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Guide to Crowdfunding

February 2016

In recent years, people have been forced to raise finance for their businesses in less conventional ways. The economic crisis has resulted in banks having much stricter requirements for approving loans.

If a bank loan is out of the question, where do you turn? There are a number of alternative routes to raising finance, the most popular of these methods are Peer-To-Peer Lending and Crowdfunding.

It allows entrepreneurs to talk with thousands – possibly millions – of potential investors. Despite still being a relatively new sector which is still finding its feet, its a really exciting new form of investing. However it can be quite complicated.

The UK Crowdfunding Association (CFA) has officially stated there are three different types: donation, debt, and equity.

Before contemplating crowdfunding, it is important to have a solid business plan in place. Getting people to invest is entirely dependent on your pitch. Before reading any further, we recommend taking a look at our Guide To Writing A Business Plan.

Donation Crowdfunding

This, as the name implies, is simply donating to a cause they believe in without expecting monetary gain. While donors don’t expect a return on their investment, they often receive rewards in the form of acknowledgements, regular updates, free gifts etc.

Debt Crowdfunding

With this form, investors receive their money back with interest. This is technically peer-to-peer lending, so if you’re interested in this, please read our blog on the subject. Returns are financial, but investors also have the satisfaction of knowing they they helped lift a project they believed in off the ground.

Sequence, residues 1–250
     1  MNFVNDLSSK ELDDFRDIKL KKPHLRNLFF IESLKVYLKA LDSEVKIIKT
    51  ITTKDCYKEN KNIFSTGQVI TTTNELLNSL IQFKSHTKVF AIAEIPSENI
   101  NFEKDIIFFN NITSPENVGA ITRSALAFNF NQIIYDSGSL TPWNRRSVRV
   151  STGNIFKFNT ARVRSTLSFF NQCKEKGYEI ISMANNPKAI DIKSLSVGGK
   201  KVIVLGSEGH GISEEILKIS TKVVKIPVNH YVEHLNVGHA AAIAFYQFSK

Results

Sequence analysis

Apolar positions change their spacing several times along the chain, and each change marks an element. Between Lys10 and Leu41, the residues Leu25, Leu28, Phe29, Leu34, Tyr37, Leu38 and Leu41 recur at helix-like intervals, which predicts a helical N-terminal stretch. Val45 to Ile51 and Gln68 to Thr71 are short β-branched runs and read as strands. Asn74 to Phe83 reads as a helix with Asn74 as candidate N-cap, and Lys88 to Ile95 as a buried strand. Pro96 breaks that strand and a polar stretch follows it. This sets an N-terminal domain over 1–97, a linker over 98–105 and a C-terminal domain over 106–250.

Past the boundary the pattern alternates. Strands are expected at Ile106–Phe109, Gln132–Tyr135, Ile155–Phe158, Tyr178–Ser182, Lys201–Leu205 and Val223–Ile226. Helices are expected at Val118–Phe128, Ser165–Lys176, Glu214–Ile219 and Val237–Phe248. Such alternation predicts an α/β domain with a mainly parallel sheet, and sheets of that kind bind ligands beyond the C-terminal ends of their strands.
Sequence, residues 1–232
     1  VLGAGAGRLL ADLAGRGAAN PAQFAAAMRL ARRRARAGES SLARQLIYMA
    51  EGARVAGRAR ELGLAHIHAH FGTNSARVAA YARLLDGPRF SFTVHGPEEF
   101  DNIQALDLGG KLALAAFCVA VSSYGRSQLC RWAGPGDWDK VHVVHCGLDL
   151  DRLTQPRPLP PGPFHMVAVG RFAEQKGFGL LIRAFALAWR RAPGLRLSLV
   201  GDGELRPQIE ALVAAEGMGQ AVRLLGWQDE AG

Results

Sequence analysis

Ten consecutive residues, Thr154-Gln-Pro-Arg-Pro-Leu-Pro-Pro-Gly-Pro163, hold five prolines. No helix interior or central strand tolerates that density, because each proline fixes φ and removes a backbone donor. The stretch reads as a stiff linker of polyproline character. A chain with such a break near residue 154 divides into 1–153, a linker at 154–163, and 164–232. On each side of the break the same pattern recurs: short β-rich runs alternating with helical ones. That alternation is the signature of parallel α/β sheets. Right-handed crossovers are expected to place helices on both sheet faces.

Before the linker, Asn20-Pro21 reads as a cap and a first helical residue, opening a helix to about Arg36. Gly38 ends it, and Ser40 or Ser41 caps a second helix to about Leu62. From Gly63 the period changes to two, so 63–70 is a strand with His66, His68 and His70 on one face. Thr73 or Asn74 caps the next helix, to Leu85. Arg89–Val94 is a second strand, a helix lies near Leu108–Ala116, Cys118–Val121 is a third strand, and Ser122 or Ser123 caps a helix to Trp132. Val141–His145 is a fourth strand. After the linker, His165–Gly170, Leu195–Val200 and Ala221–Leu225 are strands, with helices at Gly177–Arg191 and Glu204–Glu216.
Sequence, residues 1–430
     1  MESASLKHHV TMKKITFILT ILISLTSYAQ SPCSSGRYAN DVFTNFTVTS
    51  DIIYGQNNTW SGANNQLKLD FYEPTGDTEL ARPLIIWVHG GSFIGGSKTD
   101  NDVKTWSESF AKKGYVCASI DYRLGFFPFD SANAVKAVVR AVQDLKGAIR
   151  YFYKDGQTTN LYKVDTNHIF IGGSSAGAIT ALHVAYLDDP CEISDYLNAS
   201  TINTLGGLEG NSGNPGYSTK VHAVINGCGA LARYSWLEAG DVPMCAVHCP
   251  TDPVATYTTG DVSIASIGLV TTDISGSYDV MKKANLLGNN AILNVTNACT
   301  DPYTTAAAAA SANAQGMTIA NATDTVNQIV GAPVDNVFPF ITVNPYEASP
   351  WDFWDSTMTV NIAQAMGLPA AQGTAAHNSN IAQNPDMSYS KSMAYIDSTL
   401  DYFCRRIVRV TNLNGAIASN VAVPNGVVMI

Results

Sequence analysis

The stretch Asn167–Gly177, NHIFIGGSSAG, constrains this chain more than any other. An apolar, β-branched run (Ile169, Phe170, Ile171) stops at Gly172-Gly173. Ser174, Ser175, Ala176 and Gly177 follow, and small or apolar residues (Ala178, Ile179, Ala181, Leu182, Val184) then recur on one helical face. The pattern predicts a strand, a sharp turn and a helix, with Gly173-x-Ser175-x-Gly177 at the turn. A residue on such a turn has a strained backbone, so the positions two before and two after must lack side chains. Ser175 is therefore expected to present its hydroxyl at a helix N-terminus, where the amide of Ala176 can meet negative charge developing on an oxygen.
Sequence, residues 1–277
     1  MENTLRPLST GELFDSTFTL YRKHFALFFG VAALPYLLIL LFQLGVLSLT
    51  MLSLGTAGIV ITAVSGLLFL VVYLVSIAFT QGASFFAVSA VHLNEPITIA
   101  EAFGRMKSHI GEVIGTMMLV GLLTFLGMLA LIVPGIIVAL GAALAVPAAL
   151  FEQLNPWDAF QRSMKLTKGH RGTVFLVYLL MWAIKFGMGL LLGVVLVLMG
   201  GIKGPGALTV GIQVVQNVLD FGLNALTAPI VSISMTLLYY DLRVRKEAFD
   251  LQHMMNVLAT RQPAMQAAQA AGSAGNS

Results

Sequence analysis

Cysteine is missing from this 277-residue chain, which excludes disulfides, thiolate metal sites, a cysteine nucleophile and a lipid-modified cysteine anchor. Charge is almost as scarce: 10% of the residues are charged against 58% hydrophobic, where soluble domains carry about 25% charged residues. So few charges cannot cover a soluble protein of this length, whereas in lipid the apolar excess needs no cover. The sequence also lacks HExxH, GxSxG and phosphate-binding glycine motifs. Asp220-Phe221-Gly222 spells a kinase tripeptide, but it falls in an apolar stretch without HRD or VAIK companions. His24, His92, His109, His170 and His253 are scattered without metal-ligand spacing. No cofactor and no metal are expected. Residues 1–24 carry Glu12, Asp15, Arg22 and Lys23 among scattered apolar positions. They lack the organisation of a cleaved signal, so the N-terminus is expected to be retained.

Equity Crowdfunding

This form allows investors to invest in an oppurtunity in exchange for equity. This type of crowdfunding is quite popular and can be very rewarding for both parties. Money is exchanged for a share in the business. Just as with other types of shares, if successful the value of the shares goes up. If not, the value goes down.

Crowdfunding is regulated, but not to the extent of traditional methods of raising finance. The FCA covers two of the three different types – debt-based and equity-based. Though remember, if you’re an investor, don’t be mistaken in thinking that because it’s regulated your money is safe. As with any investment, there is an element of risk.

The Conclusion

Crowdfunding has helped thousands upon thousands of businesses gain the funding they need and if you’re an entrepreneur, there’s no reason why it cannot do the same for you. Any business can get involved, but it seems to be more geared up towards creative projects. If you’re a filmmaker, musician, artist, designer etc, then there is a very good chance that it could be exactly what you’re looking for. If for example, you’re an insurance company are looking to raise some finance, this probably isn’t the route you want to take. First and foremost, crowdfunding enables everyday people to invest in projects they believe in, so bear this in mind when judging whether or not your business would benefit from crowdfunding.

Here are 5 of the most popular crowdfunding websites currently in operation. Take a look around, see what project others are pitching and gauge for yourself if you think crowdfunding will benefit you.


All crowdfunding websites offer different things, such as different processing fees so be sure to choose carefully, whether you’re an investor or an entrepreneur.

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